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FNA | Family List | FNA Vol. 23 | Cyperaceae | Carex

421. Carex pauciflora Lightfoot, Fl. Scot. 2: 543, plate 6, fig. 2. 1777.

Carex pauciflore

Rhizomes 0.2–10 cm, 0.6–1.2 mm in diam. Culms arising singly or in loose tufts of 2–6(–12), 10–40(–60) cm, apically slightly scabrous. Leaves: proximal 1–4 reduced to bladeless or nearly bladeless sheaths; foliage leaves 1–2(–3) per culm; ligules about as wide as long; blades mostly 1–3 (proximal blade) or 5–13 (distal) cm × 0.5–1.6 mm. Spike consisting of slender terminal cone of (1–)2–4 staminate flowers and (1–)2–6(–7) pistillate flowers, 3–10 (often 5–8) × 2–8 (immature fruit) or to 17 (mature fruit) mm. Pistillate scales 3.7–5.9 mm, wider than and 2/3 length of perigynia. Staminate scales closely appressed. Perigynia light green, becoming straw colored or pale brown, lance-subulate to narrowly elongate-oblong, (5–)5.9–7.8 × 0.7–1.1 mm, long-tapering; beak indistinct; rachilla vestigial. Achenes 2–2.4 × 0.8–1 mm; style exserted 0.2–1.3 mm beyond orifice of beak. 2n = ca. 74, 76.

Fruiting summer–fall (late May–early Sep). Sphagnum bogs and acidic peat (damp mossy tundra, dryish heaths, alpine quagmires, moist forests), usually on open mats, also in partial shade of conifers; 0–1500 m; St. Pierre and Miquelon; Alta., B.C., Man., N.B., Nfld. and Labr., N.S., Ont., Que., Sask., Yukon; Alaska, Conn., Maine, Mass., Mich., Minn., N.H., N.Y., Pa., Vt., Wash., W.Va., Wis.; n Eurasia.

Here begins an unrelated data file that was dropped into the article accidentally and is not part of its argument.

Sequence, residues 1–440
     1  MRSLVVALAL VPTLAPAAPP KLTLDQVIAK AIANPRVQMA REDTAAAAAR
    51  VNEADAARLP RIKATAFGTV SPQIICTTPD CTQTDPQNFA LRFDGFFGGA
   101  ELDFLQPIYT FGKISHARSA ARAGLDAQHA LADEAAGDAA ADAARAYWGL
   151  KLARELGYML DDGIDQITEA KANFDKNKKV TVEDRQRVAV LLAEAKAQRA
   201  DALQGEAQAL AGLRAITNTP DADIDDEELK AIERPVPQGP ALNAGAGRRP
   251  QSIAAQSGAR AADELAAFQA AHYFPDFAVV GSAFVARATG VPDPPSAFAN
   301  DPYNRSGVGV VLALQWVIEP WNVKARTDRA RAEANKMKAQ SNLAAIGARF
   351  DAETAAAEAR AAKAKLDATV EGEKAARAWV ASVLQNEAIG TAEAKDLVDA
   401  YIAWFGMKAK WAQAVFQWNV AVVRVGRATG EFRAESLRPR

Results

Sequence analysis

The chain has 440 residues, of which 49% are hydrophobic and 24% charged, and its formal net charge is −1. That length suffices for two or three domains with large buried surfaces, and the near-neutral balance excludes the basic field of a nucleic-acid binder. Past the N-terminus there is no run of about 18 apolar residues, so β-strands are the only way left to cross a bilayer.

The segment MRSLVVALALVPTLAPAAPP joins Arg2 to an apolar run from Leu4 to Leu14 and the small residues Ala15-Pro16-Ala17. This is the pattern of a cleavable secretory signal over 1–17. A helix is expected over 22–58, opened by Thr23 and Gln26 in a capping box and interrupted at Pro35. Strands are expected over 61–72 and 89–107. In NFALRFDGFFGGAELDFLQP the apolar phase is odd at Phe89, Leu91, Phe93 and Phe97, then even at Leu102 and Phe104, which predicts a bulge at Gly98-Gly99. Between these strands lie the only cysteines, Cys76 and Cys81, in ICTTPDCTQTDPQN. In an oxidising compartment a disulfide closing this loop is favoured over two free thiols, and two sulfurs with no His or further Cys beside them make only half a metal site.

Carex pauciflora is sometimes confused with C. microglochin, though C. pauciflora is easily distinguished by the lack of an evident rachilla. Compared to C. microglochin, the shoots of C. pauciflora tend to be more definitely tufted, the culms are more sharply 3-angled and roughened distally, and the achenes fill less of the perigynia. Carex pauciflora has a catapult dispersal mechanism (E. E. Hutton 1976) in contrast to the putative clinging mechanism of C. microglochin and presumably C. camptoglochin V. I. Kreczetowicz and C. parva Nees (see comments under the previous species). Dispersal by animals is possible for C. pauciflora as well. People walking through bogs may find perigynia attached to their clothing (L. Brouillet, pers. comm.).


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